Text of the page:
Income expectations at the Bar

Income at the Bar can vary widely depending on your area of practice, whether you do privately paying or publicly funded work and whether you are employed or self-employed.

In general terms Bar Council and BMIF records for 2014/2015 show the earnings of self-employed barristers to be lower than those for the employed Bar during the first 3 years of practice, but to rise sharply thereafter, to double those of the employed Bar by 7 years’ call. These figures are not, of course, directly comparable, because the self-employed barrister will need to pay chambers’ fees and other expenses, and will not benefit from an employer’s provision of sick pay, paid annual leave, pension, private medical insurance, and so on. Earnings for both employed and self-employed barristers tend to show a steady, and similar, upward progression in the years following.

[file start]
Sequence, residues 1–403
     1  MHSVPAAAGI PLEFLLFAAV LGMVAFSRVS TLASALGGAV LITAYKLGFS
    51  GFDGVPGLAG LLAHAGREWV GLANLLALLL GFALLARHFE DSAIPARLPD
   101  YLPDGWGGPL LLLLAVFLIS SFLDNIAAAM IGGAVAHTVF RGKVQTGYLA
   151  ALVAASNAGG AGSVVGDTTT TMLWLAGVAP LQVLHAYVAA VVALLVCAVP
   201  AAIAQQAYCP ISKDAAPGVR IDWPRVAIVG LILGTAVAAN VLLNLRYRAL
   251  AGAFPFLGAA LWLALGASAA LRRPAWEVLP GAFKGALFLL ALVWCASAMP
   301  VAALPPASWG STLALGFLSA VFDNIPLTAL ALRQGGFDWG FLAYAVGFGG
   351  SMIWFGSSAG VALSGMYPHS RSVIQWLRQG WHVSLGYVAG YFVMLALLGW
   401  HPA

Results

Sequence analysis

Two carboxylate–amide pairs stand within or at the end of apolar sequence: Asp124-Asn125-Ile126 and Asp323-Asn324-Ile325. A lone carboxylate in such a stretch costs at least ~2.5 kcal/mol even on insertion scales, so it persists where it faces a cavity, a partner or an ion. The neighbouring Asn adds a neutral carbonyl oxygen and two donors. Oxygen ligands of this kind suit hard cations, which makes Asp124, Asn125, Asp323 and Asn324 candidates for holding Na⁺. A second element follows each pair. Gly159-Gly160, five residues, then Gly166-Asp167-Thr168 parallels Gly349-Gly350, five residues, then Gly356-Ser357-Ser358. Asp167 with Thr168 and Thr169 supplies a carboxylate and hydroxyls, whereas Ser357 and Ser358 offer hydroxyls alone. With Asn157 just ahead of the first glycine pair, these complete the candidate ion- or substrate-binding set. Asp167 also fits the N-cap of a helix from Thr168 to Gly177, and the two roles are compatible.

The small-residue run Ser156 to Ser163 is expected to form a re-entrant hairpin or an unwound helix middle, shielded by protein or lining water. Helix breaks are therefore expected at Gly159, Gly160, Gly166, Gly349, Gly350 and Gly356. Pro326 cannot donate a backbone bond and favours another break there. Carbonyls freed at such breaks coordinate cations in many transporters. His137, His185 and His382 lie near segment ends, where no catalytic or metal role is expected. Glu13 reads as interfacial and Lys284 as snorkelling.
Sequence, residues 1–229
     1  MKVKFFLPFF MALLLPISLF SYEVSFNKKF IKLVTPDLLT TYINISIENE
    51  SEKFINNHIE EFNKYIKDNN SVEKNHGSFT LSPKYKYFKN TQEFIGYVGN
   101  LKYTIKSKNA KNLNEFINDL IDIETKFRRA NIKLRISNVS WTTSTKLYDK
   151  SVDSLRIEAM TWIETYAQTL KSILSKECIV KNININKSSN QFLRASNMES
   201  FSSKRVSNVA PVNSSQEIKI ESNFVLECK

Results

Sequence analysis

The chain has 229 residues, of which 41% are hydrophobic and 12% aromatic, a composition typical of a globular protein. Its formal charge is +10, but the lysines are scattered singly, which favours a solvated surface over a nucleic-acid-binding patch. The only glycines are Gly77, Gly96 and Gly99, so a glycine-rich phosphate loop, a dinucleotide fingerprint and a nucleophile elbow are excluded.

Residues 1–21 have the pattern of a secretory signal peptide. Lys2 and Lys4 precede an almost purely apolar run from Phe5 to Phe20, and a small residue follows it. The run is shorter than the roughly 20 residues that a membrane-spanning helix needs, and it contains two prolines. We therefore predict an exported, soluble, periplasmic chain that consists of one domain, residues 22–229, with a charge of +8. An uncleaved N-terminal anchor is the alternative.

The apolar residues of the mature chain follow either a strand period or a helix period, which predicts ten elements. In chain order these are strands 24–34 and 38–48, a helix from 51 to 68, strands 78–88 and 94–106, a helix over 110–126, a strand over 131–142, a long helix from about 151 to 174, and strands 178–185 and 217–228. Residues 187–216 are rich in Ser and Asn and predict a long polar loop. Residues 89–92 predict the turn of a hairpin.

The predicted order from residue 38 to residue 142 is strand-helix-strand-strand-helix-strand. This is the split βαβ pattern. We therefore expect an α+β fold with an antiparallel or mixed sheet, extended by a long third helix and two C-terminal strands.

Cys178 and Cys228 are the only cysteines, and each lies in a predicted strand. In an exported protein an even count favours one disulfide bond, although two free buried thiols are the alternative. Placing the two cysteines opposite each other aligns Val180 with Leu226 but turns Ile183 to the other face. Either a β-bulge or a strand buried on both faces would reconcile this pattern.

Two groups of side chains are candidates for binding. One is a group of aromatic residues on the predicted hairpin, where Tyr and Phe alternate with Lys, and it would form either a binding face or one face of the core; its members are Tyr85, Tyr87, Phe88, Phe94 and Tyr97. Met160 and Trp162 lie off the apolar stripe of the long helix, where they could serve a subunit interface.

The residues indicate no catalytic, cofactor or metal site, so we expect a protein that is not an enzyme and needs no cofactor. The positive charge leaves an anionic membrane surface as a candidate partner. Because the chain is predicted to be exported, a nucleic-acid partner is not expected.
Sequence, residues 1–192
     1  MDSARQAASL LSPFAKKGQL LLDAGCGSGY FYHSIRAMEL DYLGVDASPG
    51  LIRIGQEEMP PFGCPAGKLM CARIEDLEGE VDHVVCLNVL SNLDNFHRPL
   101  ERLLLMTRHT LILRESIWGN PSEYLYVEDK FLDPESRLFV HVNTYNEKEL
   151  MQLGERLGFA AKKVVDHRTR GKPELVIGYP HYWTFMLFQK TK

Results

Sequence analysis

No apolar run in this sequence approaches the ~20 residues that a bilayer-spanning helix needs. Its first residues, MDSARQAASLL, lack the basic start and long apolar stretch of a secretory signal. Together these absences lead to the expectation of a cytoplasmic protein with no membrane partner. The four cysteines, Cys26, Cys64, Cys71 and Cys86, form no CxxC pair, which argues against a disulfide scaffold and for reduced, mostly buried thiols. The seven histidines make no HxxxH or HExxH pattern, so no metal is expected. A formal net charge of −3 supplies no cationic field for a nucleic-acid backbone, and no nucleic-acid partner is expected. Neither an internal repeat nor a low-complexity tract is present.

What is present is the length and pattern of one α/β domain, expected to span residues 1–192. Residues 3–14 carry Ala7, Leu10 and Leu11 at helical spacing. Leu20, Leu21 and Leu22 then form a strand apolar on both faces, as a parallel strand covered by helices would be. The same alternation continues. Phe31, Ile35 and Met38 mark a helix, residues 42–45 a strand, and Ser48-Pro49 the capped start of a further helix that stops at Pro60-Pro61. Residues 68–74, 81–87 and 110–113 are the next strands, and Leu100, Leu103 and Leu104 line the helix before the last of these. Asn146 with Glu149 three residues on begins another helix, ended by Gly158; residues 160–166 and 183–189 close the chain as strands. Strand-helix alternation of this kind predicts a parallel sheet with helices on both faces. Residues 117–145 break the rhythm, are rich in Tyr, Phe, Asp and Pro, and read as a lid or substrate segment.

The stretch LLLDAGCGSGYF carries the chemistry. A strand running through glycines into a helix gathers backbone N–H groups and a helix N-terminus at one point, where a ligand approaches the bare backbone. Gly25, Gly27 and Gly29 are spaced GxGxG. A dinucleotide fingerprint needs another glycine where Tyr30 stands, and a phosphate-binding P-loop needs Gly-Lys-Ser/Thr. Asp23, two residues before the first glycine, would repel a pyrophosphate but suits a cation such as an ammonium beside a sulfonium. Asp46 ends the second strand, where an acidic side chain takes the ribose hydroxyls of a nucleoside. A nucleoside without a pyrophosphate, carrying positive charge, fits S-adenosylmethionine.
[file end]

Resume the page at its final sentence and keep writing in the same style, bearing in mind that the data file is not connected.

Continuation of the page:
In money terms, the earnings of both employed and self-employed barristers appear to be around £40,000 by 3-4 years’ call.

Despite the very considerable difficulties facing some members of the junior Bar, in particular those whose main income derives from publicly funded work, the number of barristers continues to rise, and considerably more have experienced an increase or no change in their income in the past year than have experienced a reduction. Three quarters of all barristers showed stable or increased earnings in 2015, over 2014.